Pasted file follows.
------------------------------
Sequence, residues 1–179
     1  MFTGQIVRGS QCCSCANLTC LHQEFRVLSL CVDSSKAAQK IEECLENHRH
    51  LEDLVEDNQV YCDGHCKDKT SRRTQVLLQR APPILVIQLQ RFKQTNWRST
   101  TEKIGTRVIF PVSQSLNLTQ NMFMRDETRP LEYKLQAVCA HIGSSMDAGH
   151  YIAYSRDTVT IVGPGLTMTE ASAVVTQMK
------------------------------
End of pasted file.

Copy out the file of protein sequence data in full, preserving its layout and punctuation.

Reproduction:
Sequence, residues 1–179
     1  MFTGQIVRGS QCCSCANLTC LHQEFRVLSL CVDSSKAAQK IEECLENHRH
    51  LEDLVEDNQV YCDGHCKDKT SRRTQVLLQR APPILVIQLQ RFKQTNWRST
   101  TEKIGTRVIF PVSQSLNLTQ NMFMRDETRP LEYKLQAVCA HIGSSMDAGH
   151  YIAYSRDTVT IVGPGLTMTE ASAVVTQMK